On Tuesday, James O'Keefe's Project Veritas unveiled a 12-minute long video featuring Inderkum High School AP Government Teacher Gabriel Gipe talking about how he runs his public school classroom.
Highlights from the Project Veritas site include:
Needless to say, even in reliably blue California, teachers are not allowed to indoctrinate minors in public schools.
Inderkum High School is in the Natomas Unified School District in the Sacramento, Calif.-area, and the main newspaper there is the McClatchy-owned The Sacramento Bee. Newsworthy stories like this one often make their way to numerous other McClatchy paper, including my local paper, the San Luis Obispo Tribune.
So, what was the Day 1 headline on this viral story?
For the record: If all Gipe had been doing in his AP Government classroom was "discussing antifa," then there really wouldn't be any controversy. This is not what Gipe was doing.
You can "discuss antifa" all you want in a public school history, government, or even English class as long as you're not encouraging or endorsing that group's goals, and as long as you present both sides of the issue.
What you can't do is encourage students to go to antifa protests, give them extra credit for attending what often turn out to be violent rallies, and post a weekly calendar of only progressive political activities.
The latter is what Gipe was doing.
A Natomas Unified teacher and the school district are receiving threats of violence after the teacher was recorded in an undercover video talking about how he wants his students to become “revolutionaries.”
It should go without saying that threats of violence shouldn't be tolerated, no matter to whom they are directed, but nowadays you need to.
In the big scheme of things, encouraging students to become "revolutionaries" can be the most milquetoast of encouragements to young people. "Go out and change the world," and "start a revolution" are perhaps the most clichéd admonitions in graduation speeches at the high school and college levels. Gipe wasn't encouraging generic civic activism and participation in public life, he was encouraging kids to join his preferred side.
Of the controversial—and disqualifying—parts of Gipe's "teaching" style, the Bee only includes mention of Gipe chastising a student for feeling "uncomfortable" by the antifa flag in the classroom.
There's no mention of his "ideology quiz," no mention of his weekly left-wing calendar, no mention of providing extra credit for attending potentially violent antifa protests, or that he dismissively refers to some subset of the public and his students as "rednecks."
In fact, the Bee declines to even name Gipe in its articles because he has received threats (again, don't threaten people), as though this is the 1980s and that information can be shielded from the public if the local paper declines to name him.
It's an interesting decision to (attempt to) shield a bad actor from opprobrium simply because some yahoos have threatened him.
The Bee story spends several paragraphs on Project Veritas, informing readers that they often produce "undercover and edited videos," "secret recordings to target media organizations and progressive causes" with a link to an unflattering Wikipedia page, and describing a video recorded attempt by a Project Veritas reporter to get an on the record comment from Gipe after the original video was released.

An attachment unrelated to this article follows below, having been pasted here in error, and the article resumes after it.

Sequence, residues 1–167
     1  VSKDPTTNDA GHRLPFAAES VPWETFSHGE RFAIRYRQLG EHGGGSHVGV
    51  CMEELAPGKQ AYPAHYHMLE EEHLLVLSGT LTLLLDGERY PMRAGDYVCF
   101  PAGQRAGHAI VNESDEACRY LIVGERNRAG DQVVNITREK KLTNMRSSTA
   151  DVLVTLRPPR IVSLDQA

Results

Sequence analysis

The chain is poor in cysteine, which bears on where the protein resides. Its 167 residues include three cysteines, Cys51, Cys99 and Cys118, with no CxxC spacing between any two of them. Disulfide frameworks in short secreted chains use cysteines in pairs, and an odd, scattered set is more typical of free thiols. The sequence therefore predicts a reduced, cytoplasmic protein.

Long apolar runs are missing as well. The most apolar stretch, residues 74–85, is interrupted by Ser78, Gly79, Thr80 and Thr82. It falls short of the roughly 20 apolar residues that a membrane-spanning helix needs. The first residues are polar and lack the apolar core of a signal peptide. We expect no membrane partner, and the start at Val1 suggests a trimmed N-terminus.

What is curiously absent from the Bee's reporting is any description of what antifa actually is.
Nowhere in the story is any description of the group that held numerous violent protests in cities across America. There is no mention of the monthslong siege of the federal courthouse in Portland, the volunteer antifa "security officer" who murdered a Trump supporter, or even the antifa riots in Berkeley several years ago.
Antifa is important enough to mention in the headline. It's important to note, again in the headline, that the video was taken by a "far-right" group. But nothing in there identifies antifa as far left.
The Bee also makes an argument that the Project Veritas reporter may have violated the law in recording Gipe as a reason for not publishing his name. It is true that California is a two-party consent state; that is, everyone must agree for a private conversation to be recorded.
However, for that law to apply, there must be a "reasonable expectation that no one is listening in or overhearing the conversation." The Project Veritas video was recorded inside what looks to be a reasonably crowded Peet's Coffee shop. As the Digital Media Law project notes:
If you are recording someone without their knowledge in a public or semi-public place like a street or restaurant, the person whom you're recording may or may not have "an objectively reasonable expectation that no one is listening in or overhearing the conversation," and the reasonableness of the expectation would depend on the particular factual circumstances. Therefore, you cannot necessarily assume that you are in the clear simply because you are in a public place.
In short, whether or not it's illegal depends on the circumstances. It is not an open-and-shut case as the Bee makes it out to be as it would be if the interview took place over the phone.
The headline is bad. The story isn't any better. And don't even get me started on the headline on the Day 2 version of the story, which actually has a period in the headline rather than a semi-colon.
Interestingly enough, some of the headlines on area TV stations websites were much more accurate and informative.
Also, both the NBC and CBS reports identify Gipe by name. ABC10 did not.
The Bee's reporting was sadly what we have come to expect. It still blows my mind that antifa is in the headline, but there isn't a single paragraph explaining what the group is in any version of the story. That's a blunder that would get you knocked down at least one letter grade in J-school, and probably more since you used it in the headline too!